These authors were hand-picked by the National Heart, Lung and Blood Institute, and then for one reason or another, that institution no longer wanted to be part of it, and shifted it to the American Heart Association, the American College of Cardiology and the CDC. Subsequently, those bodies decided to come up with their own guidelines, which were published in November. Not surprisingly, the hand-picked authors have now decided to publish their own version on which they worked for years.

    • Franz H. Messerli, MD
    • Cardiology Today Editorial Board Member

    Disclosures: Messerli is an ad hoc consultant for Abbott, Daiichi Sankyo, Ipca Laboratories, Medtronic, Pfizer, Servier and Takeda.

    Perspective
    Keith C. Ferdinand

    Keith C. Ferdinand

    Overall, I congratulate the committee for what they have done. The new guideline’s most important message is that evidence based on hard outcomes will be necessary going forward in the crafting of any guideline to assist clinicians in making the best care decisions they can. We have to make sure we’re not only doing the right thing by patients, but that we are avoiding unnecessary harm.

    These recommendations should be integrated with the lifestyle guideline promulgated by the American College of Cardiology and the American Heart Association. Lifestyle remains the bedrock to prevent hypertension and to control the progression of hypertension in most patients.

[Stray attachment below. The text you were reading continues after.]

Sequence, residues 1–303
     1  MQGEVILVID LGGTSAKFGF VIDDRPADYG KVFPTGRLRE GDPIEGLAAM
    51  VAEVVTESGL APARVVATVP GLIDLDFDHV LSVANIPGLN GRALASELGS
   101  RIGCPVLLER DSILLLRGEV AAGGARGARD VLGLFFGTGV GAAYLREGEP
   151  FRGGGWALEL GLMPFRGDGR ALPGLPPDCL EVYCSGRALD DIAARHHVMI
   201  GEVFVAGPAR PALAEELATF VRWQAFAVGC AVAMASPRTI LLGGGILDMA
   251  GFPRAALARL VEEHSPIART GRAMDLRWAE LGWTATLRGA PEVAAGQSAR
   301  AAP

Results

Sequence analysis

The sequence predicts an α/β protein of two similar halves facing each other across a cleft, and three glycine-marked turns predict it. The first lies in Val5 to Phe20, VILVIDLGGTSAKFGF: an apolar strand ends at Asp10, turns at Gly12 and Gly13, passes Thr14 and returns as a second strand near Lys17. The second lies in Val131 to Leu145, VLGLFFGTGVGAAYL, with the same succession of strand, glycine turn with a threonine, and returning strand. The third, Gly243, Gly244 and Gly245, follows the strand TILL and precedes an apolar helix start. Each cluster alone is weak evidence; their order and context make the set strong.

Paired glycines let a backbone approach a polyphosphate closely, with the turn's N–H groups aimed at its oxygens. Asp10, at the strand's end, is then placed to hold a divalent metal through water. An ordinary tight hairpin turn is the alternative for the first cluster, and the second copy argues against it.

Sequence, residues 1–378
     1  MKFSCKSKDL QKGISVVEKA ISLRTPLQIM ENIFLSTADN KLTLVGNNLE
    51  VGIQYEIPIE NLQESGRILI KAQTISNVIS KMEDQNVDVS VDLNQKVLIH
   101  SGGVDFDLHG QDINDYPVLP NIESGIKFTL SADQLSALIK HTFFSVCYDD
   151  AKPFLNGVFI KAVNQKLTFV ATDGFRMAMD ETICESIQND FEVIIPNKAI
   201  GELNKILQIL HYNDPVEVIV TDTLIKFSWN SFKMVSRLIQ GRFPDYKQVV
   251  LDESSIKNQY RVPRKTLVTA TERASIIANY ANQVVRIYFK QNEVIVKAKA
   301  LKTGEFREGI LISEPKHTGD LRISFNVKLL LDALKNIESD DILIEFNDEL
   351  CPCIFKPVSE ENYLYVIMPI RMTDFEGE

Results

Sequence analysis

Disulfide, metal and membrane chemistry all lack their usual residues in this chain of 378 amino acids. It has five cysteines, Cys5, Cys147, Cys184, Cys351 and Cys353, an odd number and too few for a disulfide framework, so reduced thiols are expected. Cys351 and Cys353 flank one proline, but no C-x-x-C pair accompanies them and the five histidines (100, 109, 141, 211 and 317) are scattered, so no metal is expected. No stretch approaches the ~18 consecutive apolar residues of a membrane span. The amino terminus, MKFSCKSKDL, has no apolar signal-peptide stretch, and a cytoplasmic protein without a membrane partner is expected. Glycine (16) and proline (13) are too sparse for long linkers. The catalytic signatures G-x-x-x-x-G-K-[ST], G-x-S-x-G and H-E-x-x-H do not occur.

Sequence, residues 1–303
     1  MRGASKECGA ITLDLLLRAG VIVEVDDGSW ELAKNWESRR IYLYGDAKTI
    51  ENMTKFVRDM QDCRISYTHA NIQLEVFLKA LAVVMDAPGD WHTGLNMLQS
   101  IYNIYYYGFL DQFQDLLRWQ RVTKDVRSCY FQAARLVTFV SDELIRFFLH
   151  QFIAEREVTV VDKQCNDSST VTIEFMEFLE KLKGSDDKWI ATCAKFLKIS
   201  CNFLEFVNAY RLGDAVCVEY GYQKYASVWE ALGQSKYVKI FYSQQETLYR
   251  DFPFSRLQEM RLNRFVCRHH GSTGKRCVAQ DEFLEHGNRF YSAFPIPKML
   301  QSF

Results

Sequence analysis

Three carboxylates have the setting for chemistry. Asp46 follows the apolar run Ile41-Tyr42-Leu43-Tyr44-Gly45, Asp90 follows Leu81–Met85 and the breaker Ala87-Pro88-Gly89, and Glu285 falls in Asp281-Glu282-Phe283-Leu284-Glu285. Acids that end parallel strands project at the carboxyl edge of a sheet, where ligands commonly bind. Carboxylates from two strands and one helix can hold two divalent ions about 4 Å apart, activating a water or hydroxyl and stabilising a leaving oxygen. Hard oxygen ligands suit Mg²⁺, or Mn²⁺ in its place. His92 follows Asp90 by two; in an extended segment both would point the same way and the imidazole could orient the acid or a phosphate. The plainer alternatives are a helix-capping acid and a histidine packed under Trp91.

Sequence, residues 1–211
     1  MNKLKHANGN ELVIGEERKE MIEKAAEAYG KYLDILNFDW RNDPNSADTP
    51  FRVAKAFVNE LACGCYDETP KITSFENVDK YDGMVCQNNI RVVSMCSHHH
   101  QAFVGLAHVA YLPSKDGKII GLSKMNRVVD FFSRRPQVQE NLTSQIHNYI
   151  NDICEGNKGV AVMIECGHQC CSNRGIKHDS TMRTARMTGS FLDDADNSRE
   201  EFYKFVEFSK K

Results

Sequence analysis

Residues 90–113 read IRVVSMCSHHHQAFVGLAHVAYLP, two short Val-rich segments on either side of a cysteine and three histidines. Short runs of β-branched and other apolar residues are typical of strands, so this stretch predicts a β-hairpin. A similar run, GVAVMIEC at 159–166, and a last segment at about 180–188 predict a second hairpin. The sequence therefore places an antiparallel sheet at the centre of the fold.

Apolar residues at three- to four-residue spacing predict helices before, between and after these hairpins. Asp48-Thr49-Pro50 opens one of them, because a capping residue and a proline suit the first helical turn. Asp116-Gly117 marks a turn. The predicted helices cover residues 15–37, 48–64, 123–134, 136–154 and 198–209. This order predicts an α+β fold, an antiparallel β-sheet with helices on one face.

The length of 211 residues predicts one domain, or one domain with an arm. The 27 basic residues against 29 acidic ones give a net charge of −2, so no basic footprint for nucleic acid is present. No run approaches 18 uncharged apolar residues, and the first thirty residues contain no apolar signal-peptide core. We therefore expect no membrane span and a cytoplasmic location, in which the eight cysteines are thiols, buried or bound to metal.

I’m concerned that the arbitrary cutpoint in patients 60 years and older for initiating therapy at ≥150 mm Hg systolic BP or ≥90 mm Hg diastolic BP may lead to undertreatment. BP has a direct, linear and persistent relationship to CV outcomes. It’s unreasonable to suggest that a very healthy, active 60-year-old person will lack benefit from earlier intervention when the evidence is that remodeling of the small arteries, progression of LV hypertrophy, renal dysfunction and ischemic heart disease are all directly related to elevated BP at all levels above the optimal. I’m also concerned with the categorical removal of the treatment goal of <130 systolic BP for persons with diabetes. Although the ACCORD primary endpoint was not met, this does not necessarily mean that the secondary endpoint of stroke will not have profound benefit in a large population, especially those persons with a family history of stroke or African Americans, who have a markedly increased risk for stroke, especially at younger ages. Although secondary endpoints can’t be the driving force behind main guideline recommendations, they clearly have clinical importance, and a young person — especially an African American with type 2 diabetes, microalbuminuria or chronic kidney disease — would benefit from protection from decades of exposure. Waiting for 140 mm Hg over 90 mm Hg may not do that.